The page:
Age discrimination

The Department for Education and Employment estimates that by 2010, almost
40 per cent of the UK’s workforce will be over the age of 45. Over the next 20
years, the proportion of 50 to 64 year olds in the EU is also expected to rise
by 26 per cent. These statistics indicate that age issues, and thus age
discrimination, are likely to become increasingly important.

The current position

Work and Pensions Minister Ian McCartney recently restated the Government’s
commitment to fighting age discrimination in the workplace. These are fine
sentiments, but many are more circumspect about the Government’s willingness to
outlaw ageism, citing previous broken election promises and the lack of support
for the Employment (Age Discrimination in Advertisements) Bill. The only
positive step made by the Government to address the issue has been the Code of
Practice on Age Diversity in Employment, which is voluntary and lacks sanctions
for non-compliance.

The latest developments

The Age Discrimination (No. 2) Bill 2002 has now been introduced to the
House of Commons. It has little chance of becoming law, but could be a useful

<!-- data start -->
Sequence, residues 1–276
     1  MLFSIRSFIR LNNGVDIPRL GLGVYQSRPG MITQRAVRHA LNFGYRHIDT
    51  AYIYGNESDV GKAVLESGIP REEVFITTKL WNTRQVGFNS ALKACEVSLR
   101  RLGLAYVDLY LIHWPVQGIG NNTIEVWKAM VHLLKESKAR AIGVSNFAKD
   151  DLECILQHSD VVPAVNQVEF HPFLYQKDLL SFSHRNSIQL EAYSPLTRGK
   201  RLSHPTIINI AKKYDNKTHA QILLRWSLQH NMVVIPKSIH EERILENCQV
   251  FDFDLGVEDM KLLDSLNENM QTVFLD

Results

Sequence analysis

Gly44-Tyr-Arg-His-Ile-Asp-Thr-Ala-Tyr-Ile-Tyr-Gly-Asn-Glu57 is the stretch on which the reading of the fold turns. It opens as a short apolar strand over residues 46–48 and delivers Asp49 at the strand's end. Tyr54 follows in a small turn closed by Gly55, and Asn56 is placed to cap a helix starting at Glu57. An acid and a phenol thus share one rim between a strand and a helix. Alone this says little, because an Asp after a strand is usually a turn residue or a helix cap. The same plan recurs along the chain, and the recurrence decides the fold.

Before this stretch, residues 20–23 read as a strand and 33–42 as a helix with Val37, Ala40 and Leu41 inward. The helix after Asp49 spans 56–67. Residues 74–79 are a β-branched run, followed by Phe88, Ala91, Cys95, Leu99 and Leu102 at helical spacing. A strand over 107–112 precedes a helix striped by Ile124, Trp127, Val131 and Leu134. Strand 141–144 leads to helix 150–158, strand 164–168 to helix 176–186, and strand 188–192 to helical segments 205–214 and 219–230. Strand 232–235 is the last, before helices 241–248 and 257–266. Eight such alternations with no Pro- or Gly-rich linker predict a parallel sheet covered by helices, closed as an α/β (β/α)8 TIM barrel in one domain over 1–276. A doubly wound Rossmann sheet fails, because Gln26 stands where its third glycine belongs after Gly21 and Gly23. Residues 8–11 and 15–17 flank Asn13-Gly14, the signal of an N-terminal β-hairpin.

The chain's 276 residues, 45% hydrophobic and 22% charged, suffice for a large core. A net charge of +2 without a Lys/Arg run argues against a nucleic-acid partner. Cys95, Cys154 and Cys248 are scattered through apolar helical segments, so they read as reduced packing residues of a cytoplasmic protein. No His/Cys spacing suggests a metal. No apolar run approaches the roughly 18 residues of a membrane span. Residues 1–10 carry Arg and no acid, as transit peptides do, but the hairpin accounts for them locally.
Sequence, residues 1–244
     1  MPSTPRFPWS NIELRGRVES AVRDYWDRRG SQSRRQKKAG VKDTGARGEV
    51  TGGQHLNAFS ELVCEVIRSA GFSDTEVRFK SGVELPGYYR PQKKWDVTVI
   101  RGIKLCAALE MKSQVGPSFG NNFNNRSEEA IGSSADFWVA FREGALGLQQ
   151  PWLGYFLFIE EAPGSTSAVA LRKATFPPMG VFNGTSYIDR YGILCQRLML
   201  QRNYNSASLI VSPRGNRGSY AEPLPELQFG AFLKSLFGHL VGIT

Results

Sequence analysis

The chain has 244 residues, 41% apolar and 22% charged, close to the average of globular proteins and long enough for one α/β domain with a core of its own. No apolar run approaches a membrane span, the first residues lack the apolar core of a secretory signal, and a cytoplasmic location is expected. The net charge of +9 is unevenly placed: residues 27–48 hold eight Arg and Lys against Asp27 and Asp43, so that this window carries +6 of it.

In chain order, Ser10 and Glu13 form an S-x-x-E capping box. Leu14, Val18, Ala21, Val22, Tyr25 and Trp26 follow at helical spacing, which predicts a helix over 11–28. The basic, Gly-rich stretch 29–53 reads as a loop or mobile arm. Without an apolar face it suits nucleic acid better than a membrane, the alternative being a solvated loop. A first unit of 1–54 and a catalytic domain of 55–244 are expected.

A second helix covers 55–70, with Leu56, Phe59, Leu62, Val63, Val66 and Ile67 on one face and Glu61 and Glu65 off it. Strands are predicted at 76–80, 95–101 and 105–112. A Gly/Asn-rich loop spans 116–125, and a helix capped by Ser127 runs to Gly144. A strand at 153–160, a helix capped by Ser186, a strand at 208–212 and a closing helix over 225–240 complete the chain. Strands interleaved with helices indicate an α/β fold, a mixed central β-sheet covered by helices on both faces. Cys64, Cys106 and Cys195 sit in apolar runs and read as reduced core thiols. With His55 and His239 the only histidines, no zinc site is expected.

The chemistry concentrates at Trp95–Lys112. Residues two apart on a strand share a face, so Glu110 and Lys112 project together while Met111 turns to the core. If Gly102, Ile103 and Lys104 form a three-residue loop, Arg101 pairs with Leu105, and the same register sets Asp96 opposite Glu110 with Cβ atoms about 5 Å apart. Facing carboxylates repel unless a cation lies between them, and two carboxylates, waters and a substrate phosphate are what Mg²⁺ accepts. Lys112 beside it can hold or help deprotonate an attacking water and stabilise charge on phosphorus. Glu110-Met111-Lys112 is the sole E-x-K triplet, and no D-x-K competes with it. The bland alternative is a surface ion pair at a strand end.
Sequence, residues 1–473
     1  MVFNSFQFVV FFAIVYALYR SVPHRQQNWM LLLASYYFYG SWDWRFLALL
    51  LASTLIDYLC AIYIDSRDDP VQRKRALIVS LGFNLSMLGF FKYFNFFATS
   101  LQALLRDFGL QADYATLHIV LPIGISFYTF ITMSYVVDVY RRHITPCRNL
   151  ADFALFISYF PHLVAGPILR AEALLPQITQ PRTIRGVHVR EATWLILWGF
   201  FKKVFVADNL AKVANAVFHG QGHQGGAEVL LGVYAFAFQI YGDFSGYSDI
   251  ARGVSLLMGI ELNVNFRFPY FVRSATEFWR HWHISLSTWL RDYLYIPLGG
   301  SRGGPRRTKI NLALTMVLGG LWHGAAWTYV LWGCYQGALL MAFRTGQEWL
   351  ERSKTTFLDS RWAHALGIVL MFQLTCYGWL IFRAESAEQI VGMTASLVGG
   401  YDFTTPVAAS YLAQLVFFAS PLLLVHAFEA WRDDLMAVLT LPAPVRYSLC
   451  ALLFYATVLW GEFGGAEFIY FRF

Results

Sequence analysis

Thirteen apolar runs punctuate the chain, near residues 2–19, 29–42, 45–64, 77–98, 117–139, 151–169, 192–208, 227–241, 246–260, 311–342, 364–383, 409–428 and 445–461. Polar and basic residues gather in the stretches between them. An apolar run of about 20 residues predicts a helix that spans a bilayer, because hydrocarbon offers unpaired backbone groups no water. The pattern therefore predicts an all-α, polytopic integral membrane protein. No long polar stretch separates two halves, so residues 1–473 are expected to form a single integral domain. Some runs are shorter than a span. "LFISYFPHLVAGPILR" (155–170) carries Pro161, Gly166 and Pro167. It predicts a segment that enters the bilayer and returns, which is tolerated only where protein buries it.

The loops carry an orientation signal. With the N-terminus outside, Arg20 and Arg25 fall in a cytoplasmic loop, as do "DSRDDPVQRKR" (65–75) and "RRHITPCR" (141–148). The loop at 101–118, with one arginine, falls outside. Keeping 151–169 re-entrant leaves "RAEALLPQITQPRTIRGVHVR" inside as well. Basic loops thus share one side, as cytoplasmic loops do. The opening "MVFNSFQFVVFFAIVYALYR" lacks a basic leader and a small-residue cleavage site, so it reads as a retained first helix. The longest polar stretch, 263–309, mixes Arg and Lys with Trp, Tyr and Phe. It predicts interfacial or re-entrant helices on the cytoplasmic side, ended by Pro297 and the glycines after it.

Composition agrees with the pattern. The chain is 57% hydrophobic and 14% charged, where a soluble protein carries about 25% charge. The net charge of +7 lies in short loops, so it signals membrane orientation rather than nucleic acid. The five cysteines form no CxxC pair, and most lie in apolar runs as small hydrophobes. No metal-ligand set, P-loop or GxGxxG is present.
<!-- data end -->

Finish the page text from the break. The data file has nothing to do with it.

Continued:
guide to how the issue will be dealt with in the future, when the UK implements
the EC Framework Directive 2000, which requires the UK to ban age
discrimination at work by December 2006.

The draft Bill contains provisions to outlaw direct and indirect
discrimination on the grounds of age; prohibit the inclusion of a normal
retirement age clause in contracts of employment; create an offence of
specifying an actual or upper preferred age limit for a job; and establish an
Age Equality Commission to monitor the implementation of the Act.

Employers canvassed by the Employers Forum on Age questioned the wisdom of
abolishing mandatory retirement ages – 75 per cent preferred a flexible,
10-year retirement period.

Another potentially big issue for employers is the scope of the future
discriminatory law. In the US, legislation only applies to employees over 41,
but the Framework Directive has no such limitation, significantly including
‘youth-ism’ too. Taking age out of peripheral issues such as redundancy
calculations, unfair dismissal and pension matters will also be major changes.

The directive has spurred the Government to announce plans to form a single
equalities commission to monitor all forms of workplace discrimination. There
have been calls to couple this with a single piece of legislation covering
every area of discrimination. However, has the Government really got the
political will to start an overhaul of all areas of discrimination law?

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